Animals seem to be the favourite subject of artist Rajen's tapestries
Rajen ... touch of intrigue
AS YOU enter Artworld what you see on the opposite wall looks like a large black drawing on a plain background. As you go closer you realise it is a tapestry, woven from a drawing. An alumnus of Sir J.J. School of Art, Mumbai, Rajen is skilled in line drawing and painting. But he seems to weave tapestries with equal ease and has been adapting a lot of his drawings and paintings for the purpose. The elephant is a major theme in his works. The pachyderm is portrayed in a playful mood either alone or in a herd. One of them shows an elephant seated on a chair and dressed formally. Ganesha is also a theme Rajen seems fond of. A large `woven drawing' of Ganesha was inspired by a singer on the street, according to the artist. As he quickly sketched the man, he decided to draw the head of the Lord, instead of a human face.
Rajen's love for animals is also evident in a couple of tapestries. In one, young Krishna is surrounded by cows and, in another, by cattle and goats. Though they are tapestries, the delighted expression of the animals as they listen to the music from the flute of the divine child comes through as effectively as it would in a painting. One work showing a flock of birds has been executed with expertise. A couple of tapestries portraying Dwarka Krishna are also appealing.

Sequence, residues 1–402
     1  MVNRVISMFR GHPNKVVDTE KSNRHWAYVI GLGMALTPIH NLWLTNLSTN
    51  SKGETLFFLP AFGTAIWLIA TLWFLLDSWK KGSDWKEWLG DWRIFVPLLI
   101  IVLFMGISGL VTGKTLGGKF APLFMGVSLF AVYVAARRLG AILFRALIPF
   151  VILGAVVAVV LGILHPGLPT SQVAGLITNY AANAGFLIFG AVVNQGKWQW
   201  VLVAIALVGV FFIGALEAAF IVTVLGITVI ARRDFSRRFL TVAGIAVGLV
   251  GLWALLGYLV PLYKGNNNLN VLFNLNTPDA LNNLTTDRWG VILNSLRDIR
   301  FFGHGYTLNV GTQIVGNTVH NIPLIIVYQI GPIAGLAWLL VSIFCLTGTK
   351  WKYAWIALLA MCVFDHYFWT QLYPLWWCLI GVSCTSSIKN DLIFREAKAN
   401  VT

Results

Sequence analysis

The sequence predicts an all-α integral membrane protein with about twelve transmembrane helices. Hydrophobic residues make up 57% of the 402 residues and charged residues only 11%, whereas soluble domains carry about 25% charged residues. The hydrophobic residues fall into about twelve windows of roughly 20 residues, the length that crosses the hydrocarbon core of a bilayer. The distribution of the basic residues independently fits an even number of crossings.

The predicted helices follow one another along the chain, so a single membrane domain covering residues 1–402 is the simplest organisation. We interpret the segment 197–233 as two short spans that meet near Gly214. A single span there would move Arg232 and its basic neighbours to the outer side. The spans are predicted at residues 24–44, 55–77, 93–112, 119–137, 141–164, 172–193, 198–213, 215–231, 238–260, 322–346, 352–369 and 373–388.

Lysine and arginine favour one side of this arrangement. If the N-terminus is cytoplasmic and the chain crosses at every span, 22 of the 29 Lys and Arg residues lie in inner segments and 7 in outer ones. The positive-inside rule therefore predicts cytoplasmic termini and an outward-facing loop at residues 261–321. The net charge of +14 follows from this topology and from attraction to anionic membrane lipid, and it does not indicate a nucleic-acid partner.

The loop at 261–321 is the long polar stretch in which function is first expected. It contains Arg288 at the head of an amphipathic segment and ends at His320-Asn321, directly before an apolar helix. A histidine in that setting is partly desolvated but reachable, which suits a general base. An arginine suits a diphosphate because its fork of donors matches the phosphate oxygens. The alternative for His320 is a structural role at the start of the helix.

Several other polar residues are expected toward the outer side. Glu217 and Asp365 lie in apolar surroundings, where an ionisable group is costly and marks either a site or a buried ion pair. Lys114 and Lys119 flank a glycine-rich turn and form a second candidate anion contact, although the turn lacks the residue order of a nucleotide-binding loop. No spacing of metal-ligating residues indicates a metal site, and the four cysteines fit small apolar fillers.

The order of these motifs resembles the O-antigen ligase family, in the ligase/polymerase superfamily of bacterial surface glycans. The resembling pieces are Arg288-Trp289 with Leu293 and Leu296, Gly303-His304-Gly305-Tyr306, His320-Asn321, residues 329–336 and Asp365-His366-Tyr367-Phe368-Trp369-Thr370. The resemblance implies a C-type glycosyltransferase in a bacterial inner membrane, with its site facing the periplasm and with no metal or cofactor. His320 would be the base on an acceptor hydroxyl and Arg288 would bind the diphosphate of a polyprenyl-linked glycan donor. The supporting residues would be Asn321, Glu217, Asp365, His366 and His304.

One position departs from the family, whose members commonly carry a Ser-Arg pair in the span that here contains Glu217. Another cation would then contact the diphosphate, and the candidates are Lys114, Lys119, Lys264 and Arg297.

Some of them have formal floral patterns adapted from Mughal decorations. Rajen's interest in Vedic verses as also the `Aum' is evident in some of the creations where he uses calligraphy. For a long time Rajen wove the tapestries himself but of late someone else has been doing it as he has developed some health problems.
A set of drawings and watercolour paintings are also on view. Rajen handles the colours freely, often allowing them to run, to create unexpected but attractive abstract effects. And in these he sketches elephants or erotic forms inspired by the Khajuraho sculptures, the lines drawn with a sense of abandon. One of the tapestries with the words "What is here is everywhere; what is not here is nowhere" seems to intrigue visitors.
The exhibition is on till August 12.
Send this article to Friends by